diversify globally

Retirees who diversify globally protect themselves from investing with too much home bias.

If you are saving for a future retirement, your goal is probably to grow your capital. If you only focus on higher returns, though, you may take risks you cannot afford. Markets can be volatile. Diversifying globally may be a good way to lower volatility and smooth out returns. And if you’re retired, and if you’ve chosen to have equity exposure (stocks) in your accounts, you should certainly talk to your advisor about global diversification.

Non-correlated assets

Investment portfolio risk can be reduced by investing in a mix of non-correlated assets. When one asset is moving up while another is moving down, this negative correlation can counterbalance risk. For instance, if your oil Exchange Traded Fund (ETF) has tumbled 50 percent because of decreasing oil prices, maybe you have a rising airline ETF to offset the loss. Airlines benefit when fuel is cheap. Adding global equities to a domestic portfolio is another example of non-correlated assets, since they diversify exposure away from the domestic market. Global investments can introduce non-correlated countries, industries, companies, and currencies.

An increasingly correlated global market

Do global stocks truly provide diversification opportunities?

Globally, equity indexes are becoming increasingly more correlated, meaning their prices move in the same direction more than they did in the past. Typically, the stock allocation of retirement portfolios is comprised of large companies which have growing exposure to the global marketplace. Today, companies on the S&P 500 gain between 40% and 50% of their revenues from the global market.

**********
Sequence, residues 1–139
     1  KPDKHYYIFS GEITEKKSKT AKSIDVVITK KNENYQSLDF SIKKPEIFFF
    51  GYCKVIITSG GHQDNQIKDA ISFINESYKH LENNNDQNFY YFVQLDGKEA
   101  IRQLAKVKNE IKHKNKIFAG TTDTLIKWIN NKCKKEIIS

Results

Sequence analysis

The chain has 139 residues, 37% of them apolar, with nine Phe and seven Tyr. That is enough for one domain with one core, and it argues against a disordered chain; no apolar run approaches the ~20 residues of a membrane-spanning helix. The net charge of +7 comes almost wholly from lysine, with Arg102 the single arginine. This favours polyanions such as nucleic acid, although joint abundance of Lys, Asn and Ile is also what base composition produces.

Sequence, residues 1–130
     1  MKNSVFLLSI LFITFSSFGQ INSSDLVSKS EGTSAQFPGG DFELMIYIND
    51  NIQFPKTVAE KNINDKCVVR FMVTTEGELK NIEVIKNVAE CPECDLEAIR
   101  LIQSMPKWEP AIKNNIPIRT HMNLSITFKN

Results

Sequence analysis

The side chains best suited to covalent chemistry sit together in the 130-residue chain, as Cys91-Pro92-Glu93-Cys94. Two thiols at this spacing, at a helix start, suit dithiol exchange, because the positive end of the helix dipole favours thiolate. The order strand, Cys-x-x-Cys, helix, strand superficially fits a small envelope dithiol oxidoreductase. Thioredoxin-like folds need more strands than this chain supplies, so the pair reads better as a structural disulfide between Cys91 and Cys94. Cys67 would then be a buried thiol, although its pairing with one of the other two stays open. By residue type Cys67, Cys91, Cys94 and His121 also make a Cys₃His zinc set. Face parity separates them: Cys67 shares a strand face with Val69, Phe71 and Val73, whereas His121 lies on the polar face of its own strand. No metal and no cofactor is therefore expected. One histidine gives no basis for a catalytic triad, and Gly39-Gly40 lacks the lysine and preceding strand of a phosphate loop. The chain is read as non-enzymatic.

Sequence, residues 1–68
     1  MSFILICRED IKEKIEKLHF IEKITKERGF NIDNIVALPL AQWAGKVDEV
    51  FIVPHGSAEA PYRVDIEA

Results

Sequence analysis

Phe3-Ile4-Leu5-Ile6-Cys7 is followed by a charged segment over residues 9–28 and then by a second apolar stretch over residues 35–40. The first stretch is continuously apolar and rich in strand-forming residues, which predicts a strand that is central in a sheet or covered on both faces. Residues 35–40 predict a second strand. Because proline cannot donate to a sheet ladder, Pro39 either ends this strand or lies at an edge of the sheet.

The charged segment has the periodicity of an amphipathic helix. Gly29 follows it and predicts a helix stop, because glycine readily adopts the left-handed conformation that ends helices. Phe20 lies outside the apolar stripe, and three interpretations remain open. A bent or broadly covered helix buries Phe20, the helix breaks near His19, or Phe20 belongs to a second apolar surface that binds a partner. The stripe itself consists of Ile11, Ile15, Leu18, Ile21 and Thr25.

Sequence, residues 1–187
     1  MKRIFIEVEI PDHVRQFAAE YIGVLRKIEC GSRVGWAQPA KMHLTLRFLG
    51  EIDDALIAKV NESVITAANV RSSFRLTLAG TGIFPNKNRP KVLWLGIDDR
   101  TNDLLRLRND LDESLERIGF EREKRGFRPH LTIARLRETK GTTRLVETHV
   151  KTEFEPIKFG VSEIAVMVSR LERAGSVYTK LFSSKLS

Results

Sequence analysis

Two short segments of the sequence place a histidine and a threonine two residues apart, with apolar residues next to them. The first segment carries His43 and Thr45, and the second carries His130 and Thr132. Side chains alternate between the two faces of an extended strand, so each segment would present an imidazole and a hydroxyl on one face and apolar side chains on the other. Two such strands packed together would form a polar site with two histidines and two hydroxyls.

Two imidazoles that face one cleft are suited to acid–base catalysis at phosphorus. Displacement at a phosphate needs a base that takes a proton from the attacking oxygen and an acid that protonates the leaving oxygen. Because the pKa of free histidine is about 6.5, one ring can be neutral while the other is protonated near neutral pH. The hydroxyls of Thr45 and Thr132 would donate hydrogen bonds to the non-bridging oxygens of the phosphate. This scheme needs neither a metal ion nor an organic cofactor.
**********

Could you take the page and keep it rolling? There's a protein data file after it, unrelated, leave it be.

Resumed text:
The rollercoaster in technology stocks reveals the risk of a non-diversified U.S. portfolio, as many U.S. stock indexes have a high exposure to the FANGs (Facebook, Apple, Netflix, and Google). Global stock indexes can have different sector weightings than domestic stock indexes. For example, the S&P 500 has a 23% weighting in technology stocks whereas the S&P 700 global index (ex-USA) has a 9% technology weighting.

The Retirement Planning Book makes suggestions on how to build a diversified retirement portfolio. Click here for a free download.

Douglas Goldstein, CFP®, is the Director of Profile Investment Service, Ltd., which specializes in helping people who live in Israel with their US dollar assets and American investment and retirement accounts. He helps olim meet their financial goals through asset allocation, financial planning, and using money managers.

Published January 1, 2018.

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